FasterWith Bus Rapid Transit
Fast-growing metropolises all over the world have the same problem: crowded streets due to increasing individual traffic. An efficient and flexible passenger transport system such as Bus Rapid Transit (BRT) provides a remedy.
At the core of BRT is line service with buses that run on separate lanes and are thus capable of transporting a large number of people from the outskirts to the city center in a fast and reliable way. One way of implementing BRT in a particularly cost-effective manner is based on low-floor buses. Since buses with ZF low-floor axle systems also allow for step-free boarding and disembarking at standard bus stops, it is no longer necessary to build special platform bus stops. Moreover, the center aisle is designed without a platform or steps. This cuts stopping times at bus stops approximately by half. In this form, BRT is superior to rail-based local transport because the construction and maintenance costs are lower, planning and construction times are shorter, and expansion is easier. Worldwide, low-floor buses with ZF technology provide the BRT concept with important advantages.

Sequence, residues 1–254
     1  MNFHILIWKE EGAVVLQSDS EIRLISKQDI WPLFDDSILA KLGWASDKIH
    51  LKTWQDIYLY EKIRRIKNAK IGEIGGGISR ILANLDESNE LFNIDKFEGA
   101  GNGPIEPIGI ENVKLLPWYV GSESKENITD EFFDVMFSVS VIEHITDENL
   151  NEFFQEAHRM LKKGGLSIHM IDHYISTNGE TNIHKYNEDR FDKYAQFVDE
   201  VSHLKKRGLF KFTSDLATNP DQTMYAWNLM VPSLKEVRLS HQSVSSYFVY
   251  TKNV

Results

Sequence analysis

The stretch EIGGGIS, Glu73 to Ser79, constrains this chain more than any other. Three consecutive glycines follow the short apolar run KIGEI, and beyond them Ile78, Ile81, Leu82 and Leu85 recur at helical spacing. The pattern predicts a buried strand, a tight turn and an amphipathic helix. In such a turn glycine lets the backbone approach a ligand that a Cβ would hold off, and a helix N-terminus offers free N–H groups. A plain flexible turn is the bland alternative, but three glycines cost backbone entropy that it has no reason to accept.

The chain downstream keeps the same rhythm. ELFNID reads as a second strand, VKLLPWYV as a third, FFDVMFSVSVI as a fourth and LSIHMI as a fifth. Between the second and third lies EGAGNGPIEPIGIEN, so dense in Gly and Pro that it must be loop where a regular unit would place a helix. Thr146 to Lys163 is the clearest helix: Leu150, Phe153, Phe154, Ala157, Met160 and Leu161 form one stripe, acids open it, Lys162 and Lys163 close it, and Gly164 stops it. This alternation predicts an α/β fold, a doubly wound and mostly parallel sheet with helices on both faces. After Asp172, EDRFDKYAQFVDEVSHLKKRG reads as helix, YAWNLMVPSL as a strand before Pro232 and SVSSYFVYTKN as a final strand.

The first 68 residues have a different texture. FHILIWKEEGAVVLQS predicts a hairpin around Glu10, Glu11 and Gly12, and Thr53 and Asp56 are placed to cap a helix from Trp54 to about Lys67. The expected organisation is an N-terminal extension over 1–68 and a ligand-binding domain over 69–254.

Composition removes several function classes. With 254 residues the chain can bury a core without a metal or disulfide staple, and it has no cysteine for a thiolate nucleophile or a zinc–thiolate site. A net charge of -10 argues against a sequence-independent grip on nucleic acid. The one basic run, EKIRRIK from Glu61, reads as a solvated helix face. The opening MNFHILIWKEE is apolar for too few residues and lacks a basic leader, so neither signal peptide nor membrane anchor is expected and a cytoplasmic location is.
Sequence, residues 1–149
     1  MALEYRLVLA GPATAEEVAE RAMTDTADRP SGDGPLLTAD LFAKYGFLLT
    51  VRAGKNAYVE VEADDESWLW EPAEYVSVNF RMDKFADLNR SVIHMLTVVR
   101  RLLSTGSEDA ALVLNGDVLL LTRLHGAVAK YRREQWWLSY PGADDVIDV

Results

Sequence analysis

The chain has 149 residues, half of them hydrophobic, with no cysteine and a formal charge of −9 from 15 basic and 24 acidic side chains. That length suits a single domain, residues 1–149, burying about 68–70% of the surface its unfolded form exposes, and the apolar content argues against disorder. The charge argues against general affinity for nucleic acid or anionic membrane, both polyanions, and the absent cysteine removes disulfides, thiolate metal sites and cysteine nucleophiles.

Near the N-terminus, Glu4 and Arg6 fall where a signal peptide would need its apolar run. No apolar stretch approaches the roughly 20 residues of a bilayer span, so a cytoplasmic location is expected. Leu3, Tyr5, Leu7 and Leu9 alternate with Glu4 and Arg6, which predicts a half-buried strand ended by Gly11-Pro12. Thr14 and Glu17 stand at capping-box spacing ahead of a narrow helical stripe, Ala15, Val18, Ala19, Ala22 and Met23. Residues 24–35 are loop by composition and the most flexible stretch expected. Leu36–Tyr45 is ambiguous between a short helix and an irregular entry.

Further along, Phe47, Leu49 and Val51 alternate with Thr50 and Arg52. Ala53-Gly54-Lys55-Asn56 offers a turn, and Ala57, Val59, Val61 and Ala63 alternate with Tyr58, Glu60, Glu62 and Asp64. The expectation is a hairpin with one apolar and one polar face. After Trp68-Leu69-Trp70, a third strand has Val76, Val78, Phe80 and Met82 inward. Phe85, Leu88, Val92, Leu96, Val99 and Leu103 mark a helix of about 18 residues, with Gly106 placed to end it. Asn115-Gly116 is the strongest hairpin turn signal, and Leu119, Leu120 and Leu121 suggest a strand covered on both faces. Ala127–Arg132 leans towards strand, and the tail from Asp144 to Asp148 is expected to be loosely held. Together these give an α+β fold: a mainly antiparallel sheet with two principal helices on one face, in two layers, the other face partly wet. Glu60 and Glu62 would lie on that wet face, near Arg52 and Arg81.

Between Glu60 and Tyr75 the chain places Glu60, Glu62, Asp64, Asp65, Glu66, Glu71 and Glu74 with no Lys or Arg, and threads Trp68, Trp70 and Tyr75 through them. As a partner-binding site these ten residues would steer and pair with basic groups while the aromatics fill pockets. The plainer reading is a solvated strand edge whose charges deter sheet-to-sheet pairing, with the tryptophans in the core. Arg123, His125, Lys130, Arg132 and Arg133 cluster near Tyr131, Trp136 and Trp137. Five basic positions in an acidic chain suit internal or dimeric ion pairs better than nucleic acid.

Low-floor technology by ZF enables powerful BRT systems:
- Beijing: In the run-up to the Olympic Games 2008, the Chinese capital once again extended its BRT lines. As a result, 350 BRT buses with ZF low-floor technology are in service across three routes. Today, 21 BRT lines in China rely on ZF axles.
- Istanbul: More than 2,000 buses equipped with ZF low-floor technology will drive on the roads of Turkey‘s metropolis’ by 2013.
- Seoul: Approximately 1,900 BRT buses with ZF low-floor axles are currently in service on the roads of the South Korean metropolis.
- Taipei: More than 1,400 city buses in Taiwan‘s capital are driving with ZF low-floor axles.
- South America: More than 2,000 fully low-floor buses are currently in service in different South American cities. South America is considered to be the region of origin of BRT systems.